I'm not familiar with the term "second victim," but I am familiar with the problem it describes.
The “Support for ‘Second Victims’” editorial in the current issue of American Journal of Health-System Pharmacy captured my attention. I’m not familiar with the term “second victim,” but I am familiar with the problem it describes.
I have made mistakes in my pharmacy practice, but as far as I know, they were caught before anyone got hurt. However, I know a few pharmacists whose errors have been fatal. Those pharmacists were the “second victims,” often shunned by their colleagues or employers and left to deal with the aftermath of traumatizing events alone.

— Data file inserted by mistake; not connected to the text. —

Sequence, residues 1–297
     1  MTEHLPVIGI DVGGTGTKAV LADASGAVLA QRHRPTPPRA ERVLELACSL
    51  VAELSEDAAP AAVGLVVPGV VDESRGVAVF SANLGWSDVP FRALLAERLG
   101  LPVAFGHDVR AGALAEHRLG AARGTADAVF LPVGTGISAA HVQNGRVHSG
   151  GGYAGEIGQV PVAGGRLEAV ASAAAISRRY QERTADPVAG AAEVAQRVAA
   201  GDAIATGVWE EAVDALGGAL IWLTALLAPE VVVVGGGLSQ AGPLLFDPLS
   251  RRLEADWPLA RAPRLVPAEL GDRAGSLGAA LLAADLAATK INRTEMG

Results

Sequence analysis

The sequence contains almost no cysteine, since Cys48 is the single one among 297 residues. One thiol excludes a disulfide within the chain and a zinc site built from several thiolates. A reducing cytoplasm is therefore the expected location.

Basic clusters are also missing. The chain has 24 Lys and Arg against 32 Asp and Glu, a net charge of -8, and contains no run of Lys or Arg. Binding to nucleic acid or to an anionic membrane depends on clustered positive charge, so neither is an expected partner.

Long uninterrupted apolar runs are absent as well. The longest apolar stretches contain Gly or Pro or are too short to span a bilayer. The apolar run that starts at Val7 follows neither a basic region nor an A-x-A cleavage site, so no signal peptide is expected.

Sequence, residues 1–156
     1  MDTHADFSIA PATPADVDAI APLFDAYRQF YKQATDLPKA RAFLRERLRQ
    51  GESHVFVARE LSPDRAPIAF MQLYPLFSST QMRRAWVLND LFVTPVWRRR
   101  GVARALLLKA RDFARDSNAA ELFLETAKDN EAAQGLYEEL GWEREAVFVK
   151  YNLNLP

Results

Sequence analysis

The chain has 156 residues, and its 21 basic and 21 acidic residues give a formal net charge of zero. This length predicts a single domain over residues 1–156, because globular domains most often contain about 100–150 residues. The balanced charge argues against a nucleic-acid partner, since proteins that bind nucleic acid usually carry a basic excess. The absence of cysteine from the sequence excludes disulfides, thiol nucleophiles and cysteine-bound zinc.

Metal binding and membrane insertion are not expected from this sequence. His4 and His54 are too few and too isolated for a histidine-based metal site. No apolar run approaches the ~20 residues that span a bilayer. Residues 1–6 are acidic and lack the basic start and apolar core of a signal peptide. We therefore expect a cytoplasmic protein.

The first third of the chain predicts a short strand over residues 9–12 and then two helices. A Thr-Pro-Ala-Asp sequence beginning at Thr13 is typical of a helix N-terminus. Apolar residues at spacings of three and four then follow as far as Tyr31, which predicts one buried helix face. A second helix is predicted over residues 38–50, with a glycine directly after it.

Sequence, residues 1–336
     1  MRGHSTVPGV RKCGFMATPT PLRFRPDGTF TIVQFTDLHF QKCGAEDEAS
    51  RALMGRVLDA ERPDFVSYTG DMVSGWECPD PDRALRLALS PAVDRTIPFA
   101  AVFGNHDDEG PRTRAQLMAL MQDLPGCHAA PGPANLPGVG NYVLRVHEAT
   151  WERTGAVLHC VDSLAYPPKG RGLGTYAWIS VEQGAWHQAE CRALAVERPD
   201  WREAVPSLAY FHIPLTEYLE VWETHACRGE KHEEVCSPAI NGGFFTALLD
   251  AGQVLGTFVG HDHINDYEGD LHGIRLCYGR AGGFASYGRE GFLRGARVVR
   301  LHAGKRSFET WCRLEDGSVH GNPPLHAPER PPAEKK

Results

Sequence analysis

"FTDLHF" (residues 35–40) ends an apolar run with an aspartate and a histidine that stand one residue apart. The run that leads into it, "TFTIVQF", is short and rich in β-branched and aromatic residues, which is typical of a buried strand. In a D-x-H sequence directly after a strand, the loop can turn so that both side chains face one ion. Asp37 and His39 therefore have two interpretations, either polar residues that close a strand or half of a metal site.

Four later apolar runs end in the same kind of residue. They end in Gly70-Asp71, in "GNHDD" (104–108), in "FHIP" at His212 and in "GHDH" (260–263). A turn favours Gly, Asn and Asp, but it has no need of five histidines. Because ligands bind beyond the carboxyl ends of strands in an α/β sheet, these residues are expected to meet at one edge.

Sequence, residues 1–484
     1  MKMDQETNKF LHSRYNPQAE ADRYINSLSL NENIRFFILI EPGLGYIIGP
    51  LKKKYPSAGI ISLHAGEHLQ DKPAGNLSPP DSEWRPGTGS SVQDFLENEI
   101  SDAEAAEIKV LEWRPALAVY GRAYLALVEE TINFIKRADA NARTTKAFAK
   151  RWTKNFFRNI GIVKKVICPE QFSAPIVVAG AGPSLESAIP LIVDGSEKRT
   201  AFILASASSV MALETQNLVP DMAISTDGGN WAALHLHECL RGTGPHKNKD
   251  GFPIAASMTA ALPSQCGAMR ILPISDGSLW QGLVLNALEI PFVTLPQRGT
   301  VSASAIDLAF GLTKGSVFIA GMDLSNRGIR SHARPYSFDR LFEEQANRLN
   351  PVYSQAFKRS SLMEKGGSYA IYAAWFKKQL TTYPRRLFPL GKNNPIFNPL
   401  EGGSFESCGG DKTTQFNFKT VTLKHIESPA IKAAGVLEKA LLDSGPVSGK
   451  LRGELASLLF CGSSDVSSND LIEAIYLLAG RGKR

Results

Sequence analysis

The editorial author was a “second victim” who was able to refocus her career on patient safety and become an advocate for both patients and health care professionals. In sharing her story, she reminded me, “There but for the grace of God go I.” I could just as easily have been involved in a fatal error, but fortunately, I wasn’t.
This serves as a good reminder to stay not only vigilant, but also humble. In being transparent about errors, pharmacists need to reach out to both victims: the patient and the health care professional.